101217 Beaches: New lines expand state jurisdiction along coast
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State jurisdiction lines will move from the beach to the rear of this Pawleys Island house, where the dune was flattened by Hurricane Matthew in 2016.

Beaches: New lines expand state jurisdiction along coast

By Charles Swenson
Coastal Observer

State lawmakers are seeking a delay in implementing changes that will place over 120 homes on Pawleys Island within the jurisdiction of state coastal regulations. Those include homes that aren’t on the beachfront.

“We were the most impacted community on the coast,” Mayor Bill Otis said.

State Sen. Stephen Goldfinch and state Rep. Lee Hewitt asked the leaders of the Senate and House to require the Department of Health and Environmental Control to allow more time for public comment. The new jurisdictional lines were released on Oct. 6. Property owners have until Nov. 6 to comment. The lines will take effect by Dec. 31.

“It’s all about notice,” Hewitt said. Property owners “ought to be given notice that this can affect some of their rights.”

At issue are two lines: the “baseline” that marks the crest of the primary dune and the “setback line” that estimates the extent of erosion over 40 years. The state Office of Ocean and Coastal Resource Management, a division of DHEC, has jurisdiction over the area between the lines and seaward of the baseline.

“The setback area is not a no-build zone,” said Will Salters, program manager for planning in the agency’s Charleston office. He and Barbara Neale, a senior program analyst, spoke to Pawleys Island Town Council and property owners about the changes this week. “The lines obviously shifted, but what does that mean,” Salters said.

New homes up to 5,000 square feet are allowed. Homes that are damaged can rebuild to their original size and footprint. Those include homes that are seaward of the baseline. “You can build anywhere seaward of the baseline with a special permit as long as your house is as landward as possible,” Salters said.

Glenn Kornahrens will see the state jurisdiction move from the front of his oceanfront house to the other side of Springs Avenue. “I would have to rebuild beyond the baseline if these lines are established,” he said, adding that the idea of a special permit “makes me concerned.”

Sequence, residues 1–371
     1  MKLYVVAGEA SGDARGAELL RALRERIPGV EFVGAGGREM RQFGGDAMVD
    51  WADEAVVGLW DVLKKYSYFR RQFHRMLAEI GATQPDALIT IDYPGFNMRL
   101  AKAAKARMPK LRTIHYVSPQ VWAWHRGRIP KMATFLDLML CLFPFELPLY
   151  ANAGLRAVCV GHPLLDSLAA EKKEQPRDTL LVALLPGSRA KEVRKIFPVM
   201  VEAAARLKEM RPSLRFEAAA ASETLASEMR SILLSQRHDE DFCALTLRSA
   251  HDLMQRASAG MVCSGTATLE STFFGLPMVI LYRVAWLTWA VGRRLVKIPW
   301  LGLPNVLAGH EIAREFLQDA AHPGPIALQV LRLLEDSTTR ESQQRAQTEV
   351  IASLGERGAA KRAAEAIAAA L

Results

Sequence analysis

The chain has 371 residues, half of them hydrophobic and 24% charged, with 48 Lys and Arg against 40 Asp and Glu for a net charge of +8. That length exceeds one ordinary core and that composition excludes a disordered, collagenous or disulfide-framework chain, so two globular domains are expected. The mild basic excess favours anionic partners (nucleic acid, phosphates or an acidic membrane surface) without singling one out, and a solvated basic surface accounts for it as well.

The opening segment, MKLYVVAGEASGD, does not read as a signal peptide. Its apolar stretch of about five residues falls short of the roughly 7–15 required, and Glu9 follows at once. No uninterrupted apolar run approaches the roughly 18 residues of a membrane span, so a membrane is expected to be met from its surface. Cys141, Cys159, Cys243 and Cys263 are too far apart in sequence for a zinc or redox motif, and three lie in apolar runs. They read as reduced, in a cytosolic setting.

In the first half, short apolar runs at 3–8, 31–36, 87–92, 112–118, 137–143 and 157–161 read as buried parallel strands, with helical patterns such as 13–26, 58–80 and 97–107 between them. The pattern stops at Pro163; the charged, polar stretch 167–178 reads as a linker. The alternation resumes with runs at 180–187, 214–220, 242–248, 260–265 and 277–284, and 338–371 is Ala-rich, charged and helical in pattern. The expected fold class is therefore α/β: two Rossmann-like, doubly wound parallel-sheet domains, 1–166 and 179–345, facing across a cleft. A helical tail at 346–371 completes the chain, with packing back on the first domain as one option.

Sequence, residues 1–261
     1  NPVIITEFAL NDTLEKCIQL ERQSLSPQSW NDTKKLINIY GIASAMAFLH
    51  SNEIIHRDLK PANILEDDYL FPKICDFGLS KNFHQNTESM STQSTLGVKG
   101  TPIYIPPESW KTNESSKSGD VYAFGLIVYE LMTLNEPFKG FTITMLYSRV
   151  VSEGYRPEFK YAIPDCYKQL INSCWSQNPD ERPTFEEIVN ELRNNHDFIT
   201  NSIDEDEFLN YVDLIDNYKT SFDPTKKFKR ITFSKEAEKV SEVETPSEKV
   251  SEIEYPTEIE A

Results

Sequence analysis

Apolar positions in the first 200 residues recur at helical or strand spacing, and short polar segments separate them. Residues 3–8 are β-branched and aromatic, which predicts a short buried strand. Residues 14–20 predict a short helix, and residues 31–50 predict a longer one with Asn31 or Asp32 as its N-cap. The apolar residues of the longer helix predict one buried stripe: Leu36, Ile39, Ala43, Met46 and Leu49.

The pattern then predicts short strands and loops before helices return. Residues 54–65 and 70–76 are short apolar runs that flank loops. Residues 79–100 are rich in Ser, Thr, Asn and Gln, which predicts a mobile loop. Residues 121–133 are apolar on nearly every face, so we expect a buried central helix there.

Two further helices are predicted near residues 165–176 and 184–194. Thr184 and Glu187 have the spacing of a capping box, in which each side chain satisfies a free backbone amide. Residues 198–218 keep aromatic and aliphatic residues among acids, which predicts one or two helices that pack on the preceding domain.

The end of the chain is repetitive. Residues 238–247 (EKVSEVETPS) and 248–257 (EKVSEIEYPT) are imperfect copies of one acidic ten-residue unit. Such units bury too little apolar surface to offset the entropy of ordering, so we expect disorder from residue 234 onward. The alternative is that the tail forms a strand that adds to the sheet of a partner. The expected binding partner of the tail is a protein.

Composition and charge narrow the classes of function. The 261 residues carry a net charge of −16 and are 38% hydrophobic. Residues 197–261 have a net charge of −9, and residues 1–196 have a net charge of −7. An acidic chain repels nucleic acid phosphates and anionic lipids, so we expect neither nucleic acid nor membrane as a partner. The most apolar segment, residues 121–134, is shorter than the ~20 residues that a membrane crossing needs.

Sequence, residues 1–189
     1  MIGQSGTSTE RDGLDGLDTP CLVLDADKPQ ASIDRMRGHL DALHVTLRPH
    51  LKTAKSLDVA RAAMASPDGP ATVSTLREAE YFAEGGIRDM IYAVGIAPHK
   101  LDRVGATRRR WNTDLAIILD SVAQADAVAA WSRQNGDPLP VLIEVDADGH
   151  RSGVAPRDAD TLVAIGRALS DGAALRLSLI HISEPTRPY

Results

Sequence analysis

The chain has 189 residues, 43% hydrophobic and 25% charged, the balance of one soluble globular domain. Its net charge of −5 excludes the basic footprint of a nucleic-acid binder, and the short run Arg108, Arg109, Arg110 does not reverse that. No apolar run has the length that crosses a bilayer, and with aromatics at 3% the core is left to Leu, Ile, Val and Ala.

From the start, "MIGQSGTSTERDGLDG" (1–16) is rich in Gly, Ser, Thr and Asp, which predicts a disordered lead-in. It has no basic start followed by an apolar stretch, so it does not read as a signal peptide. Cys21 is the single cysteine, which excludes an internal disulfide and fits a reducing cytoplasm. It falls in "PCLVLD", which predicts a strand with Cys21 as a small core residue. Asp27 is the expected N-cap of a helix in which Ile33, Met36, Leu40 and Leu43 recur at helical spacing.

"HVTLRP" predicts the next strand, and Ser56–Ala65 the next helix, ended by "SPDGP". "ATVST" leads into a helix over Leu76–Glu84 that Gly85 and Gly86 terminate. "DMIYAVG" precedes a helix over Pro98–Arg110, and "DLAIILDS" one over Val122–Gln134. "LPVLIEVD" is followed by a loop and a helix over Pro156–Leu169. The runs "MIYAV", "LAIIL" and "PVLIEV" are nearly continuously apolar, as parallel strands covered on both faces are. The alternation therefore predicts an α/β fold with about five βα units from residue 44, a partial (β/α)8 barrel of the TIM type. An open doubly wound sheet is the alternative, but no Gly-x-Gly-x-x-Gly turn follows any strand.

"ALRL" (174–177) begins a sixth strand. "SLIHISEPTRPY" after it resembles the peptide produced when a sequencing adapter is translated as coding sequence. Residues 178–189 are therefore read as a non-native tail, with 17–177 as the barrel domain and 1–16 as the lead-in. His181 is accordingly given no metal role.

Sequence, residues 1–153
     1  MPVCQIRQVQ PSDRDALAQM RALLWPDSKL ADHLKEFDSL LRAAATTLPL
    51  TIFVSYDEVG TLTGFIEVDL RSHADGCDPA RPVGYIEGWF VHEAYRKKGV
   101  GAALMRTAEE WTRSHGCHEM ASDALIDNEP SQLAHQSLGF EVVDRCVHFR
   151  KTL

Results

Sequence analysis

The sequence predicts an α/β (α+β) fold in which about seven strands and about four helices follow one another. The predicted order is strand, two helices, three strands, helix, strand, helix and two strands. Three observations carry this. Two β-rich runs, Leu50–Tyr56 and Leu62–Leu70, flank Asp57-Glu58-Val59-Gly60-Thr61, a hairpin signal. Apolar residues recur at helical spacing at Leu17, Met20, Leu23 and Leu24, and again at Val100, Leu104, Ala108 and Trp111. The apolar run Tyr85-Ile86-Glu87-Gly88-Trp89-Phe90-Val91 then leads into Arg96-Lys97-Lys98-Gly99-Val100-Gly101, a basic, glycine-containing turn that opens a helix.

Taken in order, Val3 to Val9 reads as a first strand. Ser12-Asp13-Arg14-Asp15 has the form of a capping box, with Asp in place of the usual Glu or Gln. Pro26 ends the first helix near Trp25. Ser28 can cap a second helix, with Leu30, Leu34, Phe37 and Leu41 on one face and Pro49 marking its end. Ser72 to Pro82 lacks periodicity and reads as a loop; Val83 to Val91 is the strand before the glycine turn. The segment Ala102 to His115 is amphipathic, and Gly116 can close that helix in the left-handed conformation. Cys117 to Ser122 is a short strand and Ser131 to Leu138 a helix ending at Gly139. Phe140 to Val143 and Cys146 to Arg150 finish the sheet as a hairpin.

The permits have been required since 1990, Neale said. They are typically used for docks or bulkheads. “There aren’t any special hoops,” she said and Coastal Resources has never denied a permit for a home.

While the lines have been adjusted three times in the past, under state law this is the last time that the baseline will move seaward. That underscores the state’s policy of “retreat from the shoreline” adopted by the legislature.

In calculating the baseline, Coastal Resources used aerial survey data from 2014 that it verified on the ground from November 2016 through January 2017. The agency considers an existing dune to be at least 3 feet high and 500 feet long. There was none on the narrow south end of Pawleys Island below Hazard Street, so it used Springs Avenue. The baseline is on the east side. The setback, based on the estimated erosion rate over 40 years, varies in width. In the Birds Nest section, it includes all the second-row lots.

The proposed jurisdictional lines also shifted west on other parts of the island. They were in front of all but one house and two of the buildings at Pawleys Pier Village. Now dozens of houses fall at least partially within the lines. In a couple of places on the north end of the island, the proposed lines actually moved seaward of the current lines.

At Litchfield Beach, the lines move from the beachfront west to Norris Drive in the southern portion of Inlet Point, bringing 36 houses within the state jurisdiction. No buildings at Litchfield by the Sea or North Litchfield fall within the lines. At Garden City, 46 houses will fall within the new lines.

Some properties on the south end of Pawleys Island and Garden City are within the current jurisdictional lines. Nevertheless, the proposed lines “were shocking as far as I was concerned,” Otis said. He served as vice chairman of a state committee that recommended revisions to the beachfront regulations in 2013. Those were approved by the DHEC board and the legislature. “Nobody thought there would be three hurricanes in a row,” he said.

The town was expecting the announcement of the new jurisdictional lines. Emails sent by the town to property owners drew about 20 people to this week’s council meeting and the opportunity for an explanation from Coastal Resources staff. Hewitt and Goldfinch were also there to present Otis with a resolution marking the end of his 20 years as mayor. He isn’t running in next month’s election.

“You can tell just by this small room just how much it impacts people,” Hewitt said. He is the owner of Garden City Realty, but only got notice that the proposed lines were up for public comment through his legislative email. Neither his colleagues in the industry nor the S.C. Association of Realtors was aware of the changes, he said.

Coastal Resources will hold a hearing on the lines Oct. 25 in Myrtle Beach, but that leaves only seven working days before the comment period deadline, Hewitt said. And people who comment need to be able to provide data that supports a change in the lines. “You can’t just say you don’t like it,” he said.

There are other questions, such as the time in which property owners can file appeals once the lines are adopted. It is also unclear whether a successful appeal by one property owner would affect just that lot or others in the area. Only property owners can appeal, but Otis said the town will do everything it can to help owners file and challenge the lines in court, if necessary.

The proposed jurisdictional lines can be viewed online. Comments can also be submitted online.

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